3. Really like your thoughts. I like reconciliations 1 & 3, and think they go together nicely. And regarding #3 I agree with Jack that even if the two accounts are from different sources originally, that there was wisdom in putting them together as they are. I personally think they are meant to be sequential – i.e. God created men and women on the 6th day with land animals, and then only later came the introduction of the garden of Eden with Adam and Eve when there was not yet a man found to till and take care of the earth (soil), i.e. among the current humans on earth agriculture had not been introduced yet.

  4. Thanks everyone. Along the lines of Jack, I’ve thought about it as being two (or three, including the endowment ceremony) stories that are getting at different points through the narratives they present, each of which are important in their own right.

  5. Thanks Chad – and thanks to Carey F. for the link.

    Grateful for Julie Smith’s nod to the interpretation: “…some ancient interpreters have understood Genesis 1:28 not as a commandment to multiply and replenish the earth but rather as a blessing to be able to do so.”
    A view I also arrived at and think has merit.

    I think the “stitching sources together” argument resulting in a “contradiction” to be quite plausible if you hold the view that one exists, though it also risks, as implied above, eliding points of different narratives.

  6. If there is a popular attribution of the Torah to Moses, that is not a problem with the text, since there is nothing in the text to assert that that is the case. It is simply a problem with the popular belief.

    More subtly, the same is true of the Book of Moses (despite the name). The postscripts in Moses 1:42 and 4:32 are an indication that the work may be the work of an intermediate source, not Moses. Moses 1:41 suggests that Moses authored a work, but there is no indication that the Book of Moses is that work. And unlike the Book of Abraham, it is not written from the first-person perspective, which would be highly unusual for an autobiographical work.

    On the contrary, the directions given to the author in 1:42 and 4:32 are, in context, directions to an author who is not Moses. I think that scholars have simply assumed that the postscripts were directions to the translator (i.e., Joseph Smith), but that doesn’t seem to be correct, as the instructions are to withhold the work, when Joseph Smith intended to publish it shortly after translation. Rather, they seem to be directed at the original author of the revealed work, instructed to hold it back from the public (cf. Ether 4:1).

    The fact that the Book of Moses (again, despite the name) may be from a separate (unnamed) author – and tacitly admits that point – should add a certain level of caution to jumping to conclusions about its origin, or about the origin of the other canonical accounts of the Creation, for that matter. And the fact that the Latter-Day Saint canon has multiple accounts of the Creation, with significant differences in perspective, emphases, details, etc., should caution against trying to synchronize all those canonical accounts.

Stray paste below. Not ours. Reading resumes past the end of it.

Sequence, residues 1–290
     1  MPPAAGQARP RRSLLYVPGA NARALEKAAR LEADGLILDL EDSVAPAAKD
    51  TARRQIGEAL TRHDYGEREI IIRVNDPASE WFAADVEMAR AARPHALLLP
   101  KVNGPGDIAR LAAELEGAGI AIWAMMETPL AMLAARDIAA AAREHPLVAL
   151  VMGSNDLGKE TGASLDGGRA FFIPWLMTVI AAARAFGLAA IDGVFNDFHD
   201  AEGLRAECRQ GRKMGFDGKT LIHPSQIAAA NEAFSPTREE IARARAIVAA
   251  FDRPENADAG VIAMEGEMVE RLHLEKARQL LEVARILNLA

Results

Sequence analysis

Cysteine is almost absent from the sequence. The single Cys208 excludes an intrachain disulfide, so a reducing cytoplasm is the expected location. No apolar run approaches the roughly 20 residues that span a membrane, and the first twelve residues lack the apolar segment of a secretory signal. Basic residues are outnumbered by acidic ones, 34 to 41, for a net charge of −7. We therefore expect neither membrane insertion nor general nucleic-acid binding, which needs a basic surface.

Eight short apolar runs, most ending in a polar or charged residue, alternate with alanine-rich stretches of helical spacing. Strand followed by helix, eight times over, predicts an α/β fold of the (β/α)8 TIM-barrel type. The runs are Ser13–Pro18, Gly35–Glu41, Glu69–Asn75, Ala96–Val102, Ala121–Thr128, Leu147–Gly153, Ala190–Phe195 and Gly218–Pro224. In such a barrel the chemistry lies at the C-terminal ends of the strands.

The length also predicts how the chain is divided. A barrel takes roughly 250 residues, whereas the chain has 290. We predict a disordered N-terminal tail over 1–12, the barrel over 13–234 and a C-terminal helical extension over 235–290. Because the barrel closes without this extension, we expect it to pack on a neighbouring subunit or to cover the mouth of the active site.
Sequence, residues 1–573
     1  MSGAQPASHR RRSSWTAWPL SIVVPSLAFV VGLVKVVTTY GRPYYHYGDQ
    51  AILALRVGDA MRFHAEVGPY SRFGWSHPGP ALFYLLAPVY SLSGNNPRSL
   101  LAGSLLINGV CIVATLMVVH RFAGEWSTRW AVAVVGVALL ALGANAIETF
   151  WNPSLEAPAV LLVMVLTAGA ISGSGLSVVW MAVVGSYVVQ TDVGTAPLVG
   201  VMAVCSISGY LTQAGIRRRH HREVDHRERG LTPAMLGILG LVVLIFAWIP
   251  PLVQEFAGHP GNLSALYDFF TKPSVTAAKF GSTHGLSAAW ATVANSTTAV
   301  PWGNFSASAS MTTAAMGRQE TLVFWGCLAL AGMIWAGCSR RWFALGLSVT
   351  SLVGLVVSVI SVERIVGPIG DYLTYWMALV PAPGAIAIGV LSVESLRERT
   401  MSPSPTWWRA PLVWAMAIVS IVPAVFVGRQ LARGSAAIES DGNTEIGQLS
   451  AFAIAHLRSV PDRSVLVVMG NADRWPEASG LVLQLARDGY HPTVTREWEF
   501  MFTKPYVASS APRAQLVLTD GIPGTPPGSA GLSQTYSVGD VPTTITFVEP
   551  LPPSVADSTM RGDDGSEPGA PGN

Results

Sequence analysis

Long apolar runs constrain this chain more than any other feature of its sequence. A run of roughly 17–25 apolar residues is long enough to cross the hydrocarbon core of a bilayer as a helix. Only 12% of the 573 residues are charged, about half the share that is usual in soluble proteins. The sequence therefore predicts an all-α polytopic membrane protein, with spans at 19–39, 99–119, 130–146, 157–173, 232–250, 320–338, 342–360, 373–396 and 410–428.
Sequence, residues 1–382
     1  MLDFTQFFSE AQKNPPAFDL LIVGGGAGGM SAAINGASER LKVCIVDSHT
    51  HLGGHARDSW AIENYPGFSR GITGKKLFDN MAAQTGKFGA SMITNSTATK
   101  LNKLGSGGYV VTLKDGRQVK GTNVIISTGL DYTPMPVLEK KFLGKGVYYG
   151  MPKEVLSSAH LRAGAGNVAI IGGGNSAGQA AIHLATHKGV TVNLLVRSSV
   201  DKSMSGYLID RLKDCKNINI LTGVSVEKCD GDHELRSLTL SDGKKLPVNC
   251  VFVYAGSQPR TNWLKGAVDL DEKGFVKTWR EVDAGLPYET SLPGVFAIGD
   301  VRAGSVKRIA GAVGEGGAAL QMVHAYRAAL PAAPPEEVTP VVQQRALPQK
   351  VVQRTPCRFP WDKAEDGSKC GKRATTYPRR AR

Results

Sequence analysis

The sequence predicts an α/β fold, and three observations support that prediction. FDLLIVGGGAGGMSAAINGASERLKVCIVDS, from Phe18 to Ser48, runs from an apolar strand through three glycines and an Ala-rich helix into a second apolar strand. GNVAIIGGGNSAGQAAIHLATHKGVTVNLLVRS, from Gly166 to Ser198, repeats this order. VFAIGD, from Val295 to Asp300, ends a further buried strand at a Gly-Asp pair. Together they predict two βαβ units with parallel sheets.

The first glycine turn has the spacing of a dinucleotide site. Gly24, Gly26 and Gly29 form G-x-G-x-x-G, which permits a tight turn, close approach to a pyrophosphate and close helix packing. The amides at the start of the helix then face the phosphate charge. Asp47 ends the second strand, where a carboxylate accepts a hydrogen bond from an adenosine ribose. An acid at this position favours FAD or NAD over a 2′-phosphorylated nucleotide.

There are different accounts from different sources with different perspectives (and some of the accounts may themselves be composites), and they don’t all match up neatly, and they’re all canonical, and that isn’t a problem that needs to be solved.

  7. Postscript to my comment above: going back and looking at the original publication of Moses 1, I just noticed that the prohibition against publishing the account in 1:42 was removed for publication in the Times and Seasons (the other one!) So Joseph Smith may have interpreted the instructions to hold the record back as referring to his efforts, and it’s possible that the instructions were directed to him specifically. So the postscripts are not necessarily evidence of another author between Moses and Joseph Smith. But the author does not appear to be Moses in any case.

    And there is some complexity in the structure of Moses. It’s curious that there are two prohibitions against publication, with differences in wording. And the two sections are different; the first (ch. 1) is a traditional third-person narrative, while the second (chs. 2-4) is a lengthy first-person discourse in the Lord’s voice.

    On the whole, Moses as a book feels like a composite work. (It even mentions a previous source – the “book of the generations of Adam”, from Moses 6:8, in common with Genesis 5:1.) So my caution about jumping to conclusions on its authorship and structure remain.